Employing one-year crop rotations with three vegetable combinations to control clubroot damage in the West Java highlands




   Indonesia is a typical tropical island country having a mountainous and volcanic terrain. Such geographical conditions are well suited for temperate vegetable cultivation such vegetables as cabbage, potatoes and carrots throughout the year. The highland farmers are eager to grow lucrative temperate vegetables including Culciferae family plants in continuous and/or highly frequent cropping and has now been brought the emergence of clubroot damage. In addressing the problem, short-term crop rotation systems that rotate three crop cycles within a year were tried in the tropical highland conditions.


   The continuous cropping (C) of cabbage produced the yield trend shown in Fig. 1. The C plot yields showed large fluctuations, but from the second season to sixth season, all values were lower than those produced from all the crop rotation cropping (R) plots, indicating that considerable yield reduction will occur when cabbage are grown continuously.

   Since the third season, many cabbage plants in C plots died from clubroot disease and thereafter, severe clubroot damage was observed in C plots, the yield reduction was caused by clubroot disease. The effectiveness of the crop rotations was confirmed in the fourth season, after one year, namely one cycle of the rotations. The C plots were attacked by clubroot disease from early stage as shown by wilting symptoms (Fig. 2) and the yield was 2.57 kg/m2. On the other hand, those of the R plots ranged from 7.07 to 7.39 kg/m2 indicating the importance of crop rotation but no importance of sequence.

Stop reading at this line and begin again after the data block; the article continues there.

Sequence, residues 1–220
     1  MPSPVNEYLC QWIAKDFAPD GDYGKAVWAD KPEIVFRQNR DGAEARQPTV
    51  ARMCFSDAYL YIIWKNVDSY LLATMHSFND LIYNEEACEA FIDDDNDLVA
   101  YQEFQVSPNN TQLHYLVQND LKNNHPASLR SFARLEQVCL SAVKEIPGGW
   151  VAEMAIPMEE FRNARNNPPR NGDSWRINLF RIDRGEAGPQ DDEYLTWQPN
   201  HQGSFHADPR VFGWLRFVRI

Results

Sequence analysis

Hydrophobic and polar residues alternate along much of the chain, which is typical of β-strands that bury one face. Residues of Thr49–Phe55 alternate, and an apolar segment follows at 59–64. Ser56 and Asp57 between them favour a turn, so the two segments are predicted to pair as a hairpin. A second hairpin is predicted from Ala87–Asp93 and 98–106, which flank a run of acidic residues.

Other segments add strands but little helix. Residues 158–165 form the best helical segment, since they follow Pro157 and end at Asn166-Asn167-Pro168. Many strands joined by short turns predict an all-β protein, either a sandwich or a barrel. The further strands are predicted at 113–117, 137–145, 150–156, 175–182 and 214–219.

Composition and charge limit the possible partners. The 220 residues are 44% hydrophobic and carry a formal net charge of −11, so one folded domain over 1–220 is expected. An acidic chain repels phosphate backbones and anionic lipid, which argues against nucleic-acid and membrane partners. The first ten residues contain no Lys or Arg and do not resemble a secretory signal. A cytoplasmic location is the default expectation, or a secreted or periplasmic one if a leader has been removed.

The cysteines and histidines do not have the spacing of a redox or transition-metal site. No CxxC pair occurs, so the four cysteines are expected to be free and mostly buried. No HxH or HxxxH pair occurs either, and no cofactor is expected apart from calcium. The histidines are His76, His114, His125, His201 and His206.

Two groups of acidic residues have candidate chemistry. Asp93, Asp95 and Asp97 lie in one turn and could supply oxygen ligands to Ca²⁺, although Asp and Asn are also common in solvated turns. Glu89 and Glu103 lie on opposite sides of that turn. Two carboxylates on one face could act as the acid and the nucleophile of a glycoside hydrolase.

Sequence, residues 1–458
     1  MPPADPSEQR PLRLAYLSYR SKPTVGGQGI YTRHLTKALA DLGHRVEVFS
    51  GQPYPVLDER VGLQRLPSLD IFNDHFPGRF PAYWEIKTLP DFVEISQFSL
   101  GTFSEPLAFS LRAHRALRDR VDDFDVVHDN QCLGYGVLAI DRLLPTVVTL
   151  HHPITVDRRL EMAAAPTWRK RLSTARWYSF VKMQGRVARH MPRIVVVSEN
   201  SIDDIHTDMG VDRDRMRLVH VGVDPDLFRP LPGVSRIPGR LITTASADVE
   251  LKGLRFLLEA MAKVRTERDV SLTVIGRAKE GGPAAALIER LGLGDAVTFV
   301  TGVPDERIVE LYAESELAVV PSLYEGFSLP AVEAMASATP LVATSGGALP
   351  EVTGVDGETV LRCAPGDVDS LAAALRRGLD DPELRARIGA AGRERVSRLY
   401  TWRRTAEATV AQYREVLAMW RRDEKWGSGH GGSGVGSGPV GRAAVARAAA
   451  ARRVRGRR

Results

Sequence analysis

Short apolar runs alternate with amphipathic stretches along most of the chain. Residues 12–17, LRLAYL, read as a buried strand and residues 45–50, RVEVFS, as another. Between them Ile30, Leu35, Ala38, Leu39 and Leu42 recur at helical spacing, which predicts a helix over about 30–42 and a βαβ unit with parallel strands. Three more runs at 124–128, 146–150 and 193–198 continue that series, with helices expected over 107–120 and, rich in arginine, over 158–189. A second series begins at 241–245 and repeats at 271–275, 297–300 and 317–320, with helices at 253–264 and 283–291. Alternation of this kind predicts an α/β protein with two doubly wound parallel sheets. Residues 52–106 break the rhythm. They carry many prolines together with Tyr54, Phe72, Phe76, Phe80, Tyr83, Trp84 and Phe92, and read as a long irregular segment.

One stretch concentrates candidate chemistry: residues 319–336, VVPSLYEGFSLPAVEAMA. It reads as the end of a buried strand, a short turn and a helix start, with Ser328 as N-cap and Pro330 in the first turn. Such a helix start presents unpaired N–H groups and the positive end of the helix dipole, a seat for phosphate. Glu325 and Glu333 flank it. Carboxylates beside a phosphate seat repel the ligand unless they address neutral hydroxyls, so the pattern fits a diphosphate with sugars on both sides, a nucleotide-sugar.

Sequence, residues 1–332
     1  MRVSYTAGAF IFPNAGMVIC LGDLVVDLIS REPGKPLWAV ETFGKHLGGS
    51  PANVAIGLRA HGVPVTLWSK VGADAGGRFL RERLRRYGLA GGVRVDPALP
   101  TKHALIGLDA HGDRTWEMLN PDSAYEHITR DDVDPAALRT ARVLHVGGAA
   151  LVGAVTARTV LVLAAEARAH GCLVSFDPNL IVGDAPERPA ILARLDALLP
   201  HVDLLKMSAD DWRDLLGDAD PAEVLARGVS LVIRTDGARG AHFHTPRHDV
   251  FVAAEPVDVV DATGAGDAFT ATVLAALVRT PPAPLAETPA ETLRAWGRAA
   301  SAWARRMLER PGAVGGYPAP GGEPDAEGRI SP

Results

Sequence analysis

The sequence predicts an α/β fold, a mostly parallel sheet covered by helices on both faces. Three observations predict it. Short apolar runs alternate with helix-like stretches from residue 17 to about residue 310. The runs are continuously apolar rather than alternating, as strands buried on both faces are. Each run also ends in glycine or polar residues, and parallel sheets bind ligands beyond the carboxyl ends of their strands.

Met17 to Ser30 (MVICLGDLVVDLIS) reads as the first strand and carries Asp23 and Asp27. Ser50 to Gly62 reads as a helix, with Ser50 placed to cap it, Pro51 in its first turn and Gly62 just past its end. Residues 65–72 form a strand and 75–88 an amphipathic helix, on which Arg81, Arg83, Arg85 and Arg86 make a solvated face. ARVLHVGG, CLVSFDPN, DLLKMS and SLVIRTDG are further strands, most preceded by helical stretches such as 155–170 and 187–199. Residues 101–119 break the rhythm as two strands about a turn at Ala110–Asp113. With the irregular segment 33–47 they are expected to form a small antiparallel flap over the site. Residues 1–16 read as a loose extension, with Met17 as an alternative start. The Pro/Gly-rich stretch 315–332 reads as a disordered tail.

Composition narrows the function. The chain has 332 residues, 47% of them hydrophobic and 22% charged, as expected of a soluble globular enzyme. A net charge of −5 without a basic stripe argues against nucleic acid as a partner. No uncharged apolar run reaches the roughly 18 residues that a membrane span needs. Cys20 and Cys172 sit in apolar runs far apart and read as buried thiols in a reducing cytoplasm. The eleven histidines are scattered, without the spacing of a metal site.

In the second season, early stage growth and the yields in plots kept in fallow during the last season were significantly better than those of the C plots. In the sixth season, these were compared again and a clubroot damage scores were 7 and 93 respectively suggesting the importance of removal of host plants for brief periods of time under moderate temperature conditions.

   For the carrots which were combined in the crop rotations, no significant yield differences were not observed between any crop rotations suggesting less damage of continuous cropping at least until 6 times. Injury of continuous cropping of potatoes was also recovered by the crop rotations because of suppressing bacteria wilt damage.

   Clubroot disease is a common in the West Java Highlands. However, the potential damage caused by clubroot disease can be mitigated by short-term crop rotations and these are a practical way to maintain cabbage and other vegetable production in ways that do not threaten the environment in these areas.

Figure, table


    Fig. 1. Effects of continuous cropping on vegetable yield.
    Fig. 1. Effects of continuous cropping on vegetable yield.
    C, continuous cropping; R, Cabbage-carrot-potato rotation; R2, cabbage-potato-carrot rotation; RF, R rotation inserted with fallow cropping every two seasons; RC, R rotation, but inserted with corn after every vegetable; RC2, R2 rotation inserted with corn after every vegetable planting; RM, R rotation with mixed vegetables; New, cabbege plants were not cultivated for more than two years.

    Fig. 2. Damage caused by clubroot disease in a continuous cropping plot.
    Fig. 2. Damage caused by clubroot disease in a continuous cropping plot.

Japan International Research Center for Agricultural Sciences Crop Production and Environment Division

Term of research

FY2002 (FY2000-2002)

Responsible researcher

YAMADA Mitate ( Crop Production and Environment Division )

AZIRIN Aziz ( Indonesian Vegetables Research Institute )

Publication, etc.

Akaike, Y. (1992): Effects of sweet corn cultivation in the field of severe outbreak of cabbage clubroot in highland area. New Technology Kanto Tokai Agriculture (H.3), 237-240 (in japanese).

Yamada, M. (2001): Methods of control of injury associated with continuous vegetable cropping in Japan - Crop rotation and several creatural practices. JARQ, 35(1), 39-45.

Methods of Control of Injury Associated with Continuous Vegetable Cropping in Japan — Crop Rotation and Several Cultural Practices —

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